Cate Blanchett stars in Todd Haynes much-talked-about adaptation of the controversial Patricia Highsmith novel, Carol. Lucy Scholes returns to the book to find out what the original fuss was all about.
“At last the reading climate is right for Carol,” crime writer Val McDermid observes in her introduction to Patricia Highsmith’s 1952 story of a forbidden lesbian romance (originally published under the title The Price of Salt ).
Writing in 2010, McDermid cites a host of esteemed lesbian writers here in the UK whose work has paved the way for Carol’s reappearance. From Sarah Waters and Ali Smith, through Jackie Kay, Jeanette Winterson and the poet laureate Carol Ann Duffy but of course, Highsmith led the advance guard more than half a century ago.
“The novel of a love society forbids,” ran the tagline of the mass-market paperback version, and it duly divided its audience. Rejected by Harper, she took her second novel to a different press, where it was published under the pseudonym Claire Morgan so as not to taint the success she’d had with her first book, Strangers on a Train (shortly thereafter to be filmed by Hitchcock).
"Fundamentally though, Carol is a moving love story. And one that’s beautifully told, achingly honest, but never gratuitously or tritely sentimental."
The book’s danger, however, was also its allure. As McDermid puts it, “A novel that addressed a relationship between two women with seriousness, eroticism and classy prose was as exotic as a leopard in a Third Avenue deli.”
During this period, mainstream novels steered clear of depictions of anything that didn’t comply with heterosexual norms. This isn’t to say that people weren’t aware of homosexuality, it’s just that it existed somewhere in the shadows.
As Richard, the on-off boyfriend of Therese Belivet—the young shop-girl who falls in love with beautiful divorcée Carol Aird—says to Therese when she asks if he’s ever heard of two men in love, “Hear of it? You mean people like that? Of course.”
Image: Patricia Highsmith via Publishers Weekly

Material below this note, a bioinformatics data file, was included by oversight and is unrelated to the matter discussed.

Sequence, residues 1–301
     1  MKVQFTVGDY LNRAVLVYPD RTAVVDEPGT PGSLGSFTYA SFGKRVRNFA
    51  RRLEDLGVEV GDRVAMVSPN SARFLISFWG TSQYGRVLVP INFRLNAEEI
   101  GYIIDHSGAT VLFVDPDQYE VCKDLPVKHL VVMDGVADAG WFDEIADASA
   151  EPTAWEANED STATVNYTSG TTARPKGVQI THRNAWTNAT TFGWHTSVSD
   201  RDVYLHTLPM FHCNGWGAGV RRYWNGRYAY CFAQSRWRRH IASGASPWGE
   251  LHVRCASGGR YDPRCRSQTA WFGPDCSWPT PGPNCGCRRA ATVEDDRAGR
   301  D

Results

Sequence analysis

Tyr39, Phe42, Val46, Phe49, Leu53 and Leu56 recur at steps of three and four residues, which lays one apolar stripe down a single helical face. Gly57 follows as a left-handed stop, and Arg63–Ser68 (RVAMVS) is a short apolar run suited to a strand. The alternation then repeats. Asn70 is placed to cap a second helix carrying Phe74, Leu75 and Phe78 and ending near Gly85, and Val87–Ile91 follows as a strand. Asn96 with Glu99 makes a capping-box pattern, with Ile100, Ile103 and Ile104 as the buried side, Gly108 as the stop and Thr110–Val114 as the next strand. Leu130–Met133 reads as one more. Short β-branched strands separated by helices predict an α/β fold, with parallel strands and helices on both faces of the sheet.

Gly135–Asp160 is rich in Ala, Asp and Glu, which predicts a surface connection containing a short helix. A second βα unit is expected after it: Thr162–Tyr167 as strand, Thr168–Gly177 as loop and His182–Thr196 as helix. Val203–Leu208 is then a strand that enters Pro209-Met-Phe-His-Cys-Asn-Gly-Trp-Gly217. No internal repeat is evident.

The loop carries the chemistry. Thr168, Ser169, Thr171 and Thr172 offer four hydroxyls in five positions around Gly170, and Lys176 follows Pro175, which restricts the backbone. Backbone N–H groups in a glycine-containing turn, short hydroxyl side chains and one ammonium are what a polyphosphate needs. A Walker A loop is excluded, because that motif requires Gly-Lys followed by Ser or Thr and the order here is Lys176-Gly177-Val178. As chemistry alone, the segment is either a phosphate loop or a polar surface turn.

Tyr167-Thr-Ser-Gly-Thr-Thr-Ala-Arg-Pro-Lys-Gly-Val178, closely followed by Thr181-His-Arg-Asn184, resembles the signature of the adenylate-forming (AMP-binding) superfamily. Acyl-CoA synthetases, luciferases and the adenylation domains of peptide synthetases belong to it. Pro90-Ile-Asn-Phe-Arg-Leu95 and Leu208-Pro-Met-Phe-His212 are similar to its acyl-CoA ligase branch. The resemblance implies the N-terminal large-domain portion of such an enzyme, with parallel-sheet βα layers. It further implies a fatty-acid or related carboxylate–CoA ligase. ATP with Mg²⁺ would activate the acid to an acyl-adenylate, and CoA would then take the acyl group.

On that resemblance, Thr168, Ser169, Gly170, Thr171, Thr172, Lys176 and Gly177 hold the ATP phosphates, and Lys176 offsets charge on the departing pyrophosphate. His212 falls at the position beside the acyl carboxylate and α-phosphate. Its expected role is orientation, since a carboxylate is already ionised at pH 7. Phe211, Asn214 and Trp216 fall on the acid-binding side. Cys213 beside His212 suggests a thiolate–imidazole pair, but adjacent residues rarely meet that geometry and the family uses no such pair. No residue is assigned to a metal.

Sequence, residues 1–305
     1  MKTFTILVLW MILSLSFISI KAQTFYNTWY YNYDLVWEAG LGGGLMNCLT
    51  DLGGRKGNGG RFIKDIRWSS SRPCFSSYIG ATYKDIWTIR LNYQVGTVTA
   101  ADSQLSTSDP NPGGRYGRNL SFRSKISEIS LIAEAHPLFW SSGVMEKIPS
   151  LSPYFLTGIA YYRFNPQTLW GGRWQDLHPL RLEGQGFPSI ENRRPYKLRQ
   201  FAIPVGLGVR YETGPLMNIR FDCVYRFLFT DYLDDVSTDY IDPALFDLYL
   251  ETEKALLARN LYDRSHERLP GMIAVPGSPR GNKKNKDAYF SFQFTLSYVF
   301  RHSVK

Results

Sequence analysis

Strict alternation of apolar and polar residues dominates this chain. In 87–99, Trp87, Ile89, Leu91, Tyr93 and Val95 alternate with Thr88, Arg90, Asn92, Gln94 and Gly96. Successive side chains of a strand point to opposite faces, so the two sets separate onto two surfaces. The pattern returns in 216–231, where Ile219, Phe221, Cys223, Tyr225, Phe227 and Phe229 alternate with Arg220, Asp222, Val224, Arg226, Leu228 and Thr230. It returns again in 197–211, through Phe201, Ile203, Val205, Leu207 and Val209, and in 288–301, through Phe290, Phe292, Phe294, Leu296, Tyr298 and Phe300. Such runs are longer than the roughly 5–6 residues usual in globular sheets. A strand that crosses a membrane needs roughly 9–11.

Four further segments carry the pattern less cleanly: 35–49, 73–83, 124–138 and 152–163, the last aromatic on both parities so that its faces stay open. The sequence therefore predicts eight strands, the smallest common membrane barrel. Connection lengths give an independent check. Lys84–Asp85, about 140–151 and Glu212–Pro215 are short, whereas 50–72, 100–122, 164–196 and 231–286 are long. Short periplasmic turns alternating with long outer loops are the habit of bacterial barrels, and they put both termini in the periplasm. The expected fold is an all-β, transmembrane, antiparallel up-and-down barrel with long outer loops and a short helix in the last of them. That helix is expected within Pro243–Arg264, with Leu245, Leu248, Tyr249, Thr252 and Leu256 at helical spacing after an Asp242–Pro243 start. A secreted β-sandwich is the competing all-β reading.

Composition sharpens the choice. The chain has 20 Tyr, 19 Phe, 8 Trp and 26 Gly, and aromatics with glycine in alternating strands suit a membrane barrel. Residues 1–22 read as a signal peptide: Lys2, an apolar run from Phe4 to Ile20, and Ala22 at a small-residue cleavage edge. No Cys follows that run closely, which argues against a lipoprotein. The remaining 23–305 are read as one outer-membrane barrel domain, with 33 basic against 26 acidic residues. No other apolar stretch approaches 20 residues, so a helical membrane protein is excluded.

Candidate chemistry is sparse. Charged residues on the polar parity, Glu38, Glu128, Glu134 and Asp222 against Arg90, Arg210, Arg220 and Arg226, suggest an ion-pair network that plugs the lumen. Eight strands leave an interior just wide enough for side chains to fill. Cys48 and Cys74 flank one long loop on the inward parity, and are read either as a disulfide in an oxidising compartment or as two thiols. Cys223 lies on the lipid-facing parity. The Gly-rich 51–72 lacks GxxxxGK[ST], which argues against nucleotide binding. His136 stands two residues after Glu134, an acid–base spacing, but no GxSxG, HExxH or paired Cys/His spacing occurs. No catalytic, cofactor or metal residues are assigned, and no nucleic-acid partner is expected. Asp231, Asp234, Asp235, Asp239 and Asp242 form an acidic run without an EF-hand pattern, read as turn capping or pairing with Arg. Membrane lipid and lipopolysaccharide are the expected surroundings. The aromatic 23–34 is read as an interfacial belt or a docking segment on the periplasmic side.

These were the days, Highsmith herself reminds us in an afterword written in 1989, “when gay bars were a dark door somewhere in Manhattan, where people wanting to go to a certain bar got off the subway a station before or after the convenient one, lest they be suspected of being homosexual.”
“I don’t mean people like that,” Therese replies to Richard, taking issue with the ghettoization implicit in his description. “I mean two people who fall in love suddenly with each other, out of the blue. Say two men or two girls.”
This is precisely what’s happened to Therese. She hasn’t particularly enjoyed her trysts with Richard, and she certainly doesn’t want to marry him, although unsure as to exactly why, or what she wants instead.
It could be said that her life turned upside down when she fell passionately and unexpectedly in love with Carol, but in actuality it’s the opposite: things fall into place.
"The novel of a love society forbids, ran the tagline of the mass-market paperback version, and it duly divided its audience."
Their relationship, however, is one fraught with risk
Carol is in the middle of a divorce. The ensuing custody battle for her daughter suffers catastrophically as a result of her and Therese’s love affair. The subsequent cat and mouse game between husband and wife played out via lawyers and an unscrupulous PI provides a nod to the thrillers for which Highsmith remains most well known.
Fundamentally, Carol is a moving love story. One that’s beautifully told, achingly honest, but never gratuitously or tritely sentimental.
How wonderful that it has shot to fame again, 62 years after it was first published, thanks to Todd Haynes’s film adaptation, starring Cate Blanchett and Rooney Mara as the star-crossed lovers.
Carol by Patricia Highsmith is published by Bloomsbury Books and is available on Amazon
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